I cringe every time a form lease comes across my desk for a California cannabis tenant. While C.A.R. and A.I.R. lease forms certainly have their advantages (brokers and veteran landlords are comfortable with them, and they can be cheap and efficient if the transaction is simple), because of the complexity involved in leasing to cannabis industry tenants, they do not work for cannabis tenancies. Redlining form leases is messy, and the addenda I’ve seen tend to create conflicts and ambiguity, making the problems with form usage even worse.
Cannabis is a heavily-regulated industry. The standard language in most lease forms not only fails to account for the nuanced requirements in state and local laws and regulations, but in some cases the forms actually conflict with what the law requires.
Because the C.A.R. and A.I.R. lease forms are prepared by real estate broker associations, their primary purpose is to protect the interests of the brokers (ensuring commissions and limiting broker liability).
Any issue not addressed in the lease will be governed by state law. State law tends to be very protective of tenants in residential leases, but provides little protection to commercial tenants.
My best advice is to avoid use of forms altogether when entering into a lease for cannabis activity. But if the landlord insists on using a lease form, here are my top five suggested revisions and issues to be aware of:
1. Notice and Cure Provisions – Tenants Need More Than Three Days
The C.A.R. commercial lease form does not include notice and cure provisions addressing how long a tenant has to cure a violation of the lease before the landlord can move forward with eviction. Accordingly, state law governs the notice and cure process, which is bad for tenants, especially in the cannabis industry. Code of Civil Procedure section 1161 provides that when a tenant violates a lease covenant and the violation is curable, the landlord may serve a 3-day notice to perform or quit.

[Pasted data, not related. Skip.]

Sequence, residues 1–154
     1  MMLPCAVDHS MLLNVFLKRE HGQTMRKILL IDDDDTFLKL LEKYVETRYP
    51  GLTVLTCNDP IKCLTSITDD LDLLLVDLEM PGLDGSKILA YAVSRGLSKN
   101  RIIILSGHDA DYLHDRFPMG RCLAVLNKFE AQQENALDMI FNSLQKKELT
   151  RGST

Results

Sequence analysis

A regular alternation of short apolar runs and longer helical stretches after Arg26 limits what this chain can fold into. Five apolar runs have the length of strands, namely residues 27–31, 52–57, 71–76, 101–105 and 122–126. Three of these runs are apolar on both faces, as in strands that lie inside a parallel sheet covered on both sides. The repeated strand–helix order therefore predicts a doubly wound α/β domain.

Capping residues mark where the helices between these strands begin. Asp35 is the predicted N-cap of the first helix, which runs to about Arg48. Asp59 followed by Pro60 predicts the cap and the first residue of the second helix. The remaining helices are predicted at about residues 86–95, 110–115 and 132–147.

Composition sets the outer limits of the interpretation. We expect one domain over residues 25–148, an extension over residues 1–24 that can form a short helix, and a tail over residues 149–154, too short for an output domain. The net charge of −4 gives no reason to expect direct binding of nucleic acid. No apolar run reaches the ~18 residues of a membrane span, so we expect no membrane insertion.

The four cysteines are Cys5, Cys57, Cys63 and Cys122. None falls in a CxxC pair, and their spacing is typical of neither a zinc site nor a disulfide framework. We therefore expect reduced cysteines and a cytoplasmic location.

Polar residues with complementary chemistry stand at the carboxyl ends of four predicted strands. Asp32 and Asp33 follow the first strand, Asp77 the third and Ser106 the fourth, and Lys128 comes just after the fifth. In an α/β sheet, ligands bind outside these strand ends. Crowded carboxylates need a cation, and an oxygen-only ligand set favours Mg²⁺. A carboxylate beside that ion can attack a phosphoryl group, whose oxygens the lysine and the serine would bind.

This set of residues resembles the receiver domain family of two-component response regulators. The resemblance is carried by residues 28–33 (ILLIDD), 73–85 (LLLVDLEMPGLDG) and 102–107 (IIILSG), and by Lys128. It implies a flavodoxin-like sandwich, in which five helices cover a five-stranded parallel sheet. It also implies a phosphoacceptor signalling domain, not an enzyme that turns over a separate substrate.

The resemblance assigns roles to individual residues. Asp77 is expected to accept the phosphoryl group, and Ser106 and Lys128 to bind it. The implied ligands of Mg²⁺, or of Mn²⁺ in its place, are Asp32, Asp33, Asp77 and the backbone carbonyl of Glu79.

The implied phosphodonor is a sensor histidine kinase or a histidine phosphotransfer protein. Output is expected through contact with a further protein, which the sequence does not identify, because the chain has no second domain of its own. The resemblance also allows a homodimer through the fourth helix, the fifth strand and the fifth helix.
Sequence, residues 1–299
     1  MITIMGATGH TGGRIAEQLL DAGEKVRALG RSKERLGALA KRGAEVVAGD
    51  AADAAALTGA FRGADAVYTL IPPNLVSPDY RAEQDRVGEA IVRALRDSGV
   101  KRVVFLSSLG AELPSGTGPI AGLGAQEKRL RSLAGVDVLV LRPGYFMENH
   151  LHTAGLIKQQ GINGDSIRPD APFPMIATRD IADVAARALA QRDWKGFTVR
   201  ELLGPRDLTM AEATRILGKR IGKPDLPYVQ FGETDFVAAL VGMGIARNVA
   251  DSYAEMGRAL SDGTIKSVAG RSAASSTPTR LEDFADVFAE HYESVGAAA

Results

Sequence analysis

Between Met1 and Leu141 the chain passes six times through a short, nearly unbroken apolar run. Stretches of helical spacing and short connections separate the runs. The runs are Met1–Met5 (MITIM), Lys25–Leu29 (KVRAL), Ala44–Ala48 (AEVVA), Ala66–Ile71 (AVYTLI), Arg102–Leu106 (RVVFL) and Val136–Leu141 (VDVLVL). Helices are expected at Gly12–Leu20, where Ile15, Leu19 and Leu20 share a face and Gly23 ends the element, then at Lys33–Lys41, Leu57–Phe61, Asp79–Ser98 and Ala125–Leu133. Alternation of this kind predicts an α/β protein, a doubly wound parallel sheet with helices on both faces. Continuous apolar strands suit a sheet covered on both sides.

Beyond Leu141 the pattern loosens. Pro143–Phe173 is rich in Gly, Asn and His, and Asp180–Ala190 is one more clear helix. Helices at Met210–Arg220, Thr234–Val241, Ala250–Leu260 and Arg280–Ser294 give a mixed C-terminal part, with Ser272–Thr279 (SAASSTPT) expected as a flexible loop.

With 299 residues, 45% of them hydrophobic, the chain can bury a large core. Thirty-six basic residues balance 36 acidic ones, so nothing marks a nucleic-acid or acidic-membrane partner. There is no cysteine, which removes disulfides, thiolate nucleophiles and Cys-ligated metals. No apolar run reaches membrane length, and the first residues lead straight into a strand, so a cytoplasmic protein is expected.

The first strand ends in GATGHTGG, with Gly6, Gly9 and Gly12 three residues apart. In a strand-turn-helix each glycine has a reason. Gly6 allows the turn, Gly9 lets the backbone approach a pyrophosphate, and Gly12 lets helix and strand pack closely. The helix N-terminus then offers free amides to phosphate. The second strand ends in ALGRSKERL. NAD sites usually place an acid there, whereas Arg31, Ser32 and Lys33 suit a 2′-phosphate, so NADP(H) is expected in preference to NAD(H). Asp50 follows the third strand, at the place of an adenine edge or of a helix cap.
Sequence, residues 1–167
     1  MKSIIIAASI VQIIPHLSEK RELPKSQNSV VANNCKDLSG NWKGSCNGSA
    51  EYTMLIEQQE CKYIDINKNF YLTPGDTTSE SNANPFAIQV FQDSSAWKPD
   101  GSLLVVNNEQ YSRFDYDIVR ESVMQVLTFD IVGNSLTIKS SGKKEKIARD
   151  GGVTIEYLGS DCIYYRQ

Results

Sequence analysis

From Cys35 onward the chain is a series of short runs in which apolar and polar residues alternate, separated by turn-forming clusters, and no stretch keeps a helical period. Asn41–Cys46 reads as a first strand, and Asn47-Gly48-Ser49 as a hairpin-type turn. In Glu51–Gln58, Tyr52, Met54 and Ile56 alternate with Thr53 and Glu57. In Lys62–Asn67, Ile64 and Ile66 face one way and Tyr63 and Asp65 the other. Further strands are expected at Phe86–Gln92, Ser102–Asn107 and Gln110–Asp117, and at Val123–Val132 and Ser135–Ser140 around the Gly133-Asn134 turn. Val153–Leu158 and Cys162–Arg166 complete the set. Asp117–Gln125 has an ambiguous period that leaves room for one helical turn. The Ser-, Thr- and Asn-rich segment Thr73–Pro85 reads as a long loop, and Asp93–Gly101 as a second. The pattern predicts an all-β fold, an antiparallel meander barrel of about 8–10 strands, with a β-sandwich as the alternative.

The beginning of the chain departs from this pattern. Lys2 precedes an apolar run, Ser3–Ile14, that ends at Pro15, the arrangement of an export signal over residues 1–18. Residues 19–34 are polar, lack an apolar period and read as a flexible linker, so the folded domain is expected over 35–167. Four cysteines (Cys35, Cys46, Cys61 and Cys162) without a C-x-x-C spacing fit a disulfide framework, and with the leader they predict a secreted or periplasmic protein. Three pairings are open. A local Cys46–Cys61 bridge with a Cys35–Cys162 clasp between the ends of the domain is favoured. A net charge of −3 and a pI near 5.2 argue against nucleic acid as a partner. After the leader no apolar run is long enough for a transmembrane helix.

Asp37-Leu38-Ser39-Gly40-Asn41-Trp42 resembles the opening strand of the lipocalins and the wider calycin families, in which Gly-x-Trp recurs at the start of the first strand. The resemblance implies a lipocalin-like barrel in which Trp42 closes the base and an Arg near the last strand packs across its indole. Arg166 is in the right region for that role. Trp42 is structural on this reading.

Three days is generally not enough time to resolve any issue involving a cannabis business. It usually takes at least that long to get even a canned response from a government agency regarding a generic license or permitting question. Actually resolving an issue involving a government agency takes much longer. We have seen cannabis tenants receive three-day notices to quit for various alleged lease defaults, including violating a use clause (where cannabis was not specifically enumerated as a permitted use), storing or using hazardous materials (which becomes a very complex issue when dealing with manufacturing operations), lack of state or local licenses, and operating as a nuisance, among others.
If a landlord insists on using a form lease that lacks a notice and cure period, tenant should negotiate a revision to the form for cure periods of at least 10–30 days for non-monetary defaults, because most types of default cannot be cured within such a short period of time.
2. Express Allowance of Cannabis Activity and Exclusion of Controlled Substances Act
As mentioned above, we have seen many leases that fail to expressly name cannabis as a permitted use (never a good idea for cannabis tenants). While the lease should expressly include commercial cannabis activity as a permitted use, the applicability of federal law, specifically the Controlled Substances Act, should be expressly disclaimed. While it would be difficult for a landlord to evict on grounds that a tenant is violating federal law where commercial cannabis activity is expressly allowed as a permitted use, if cannabis activity is not specified in the lease, then the tenant should at least eliminate the requirement that tenant comply with federal laws.
The C.A.R. form, for example, requires that tenant not “use the Premises for any unlawful purposes, including, but not limited to, using, manufacturing, selling, storing, or transporting illicit drugs or other contraband, or violate any law or ordinance, or committing a waste or nuisance on or about the Premises.” Tenants should strike this provision from the lease, or at a minimum, exclude cannabis and cannabis products from “illicit drugs,” and make clear that “any law” excludes the federal Controlled Substances Act.